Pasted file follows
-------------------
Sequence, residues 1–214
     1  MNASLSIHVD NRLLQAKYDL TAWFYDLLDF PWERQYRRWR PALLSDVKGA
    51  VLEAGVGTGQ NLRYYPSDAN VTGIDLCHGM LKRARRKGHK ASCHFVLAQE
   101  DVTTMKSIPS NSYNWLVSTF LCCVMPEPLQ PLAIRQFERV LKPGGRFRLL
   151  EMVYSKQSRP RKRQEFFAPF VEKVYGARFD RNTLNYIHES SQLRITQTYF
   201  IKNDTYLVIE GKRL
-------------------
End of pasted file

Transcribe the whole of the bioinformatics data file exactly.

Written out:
Sequence, residues 1–214
     1  MNASLSIHVD NRLLQAKYDL TAWFYDLLDF PWERQYRRWR PALLSDVKGA
    51  VLEAGVGTGQ NLRYYPSDAN VTGIDLCHGM LKRARRKGHK ASCHFVLAQE
   101  DVTTMKSIPS NSYNWLVSTF LCCVMPEPLQ PLAIRQFERV LKPGGRFRLL
   151  EMVYSKQSRP RKRQEFFAPF VEKVYGARFD RNTLNYIHES SQLRITQTYF
   201  IKNDTYLVIE GKRL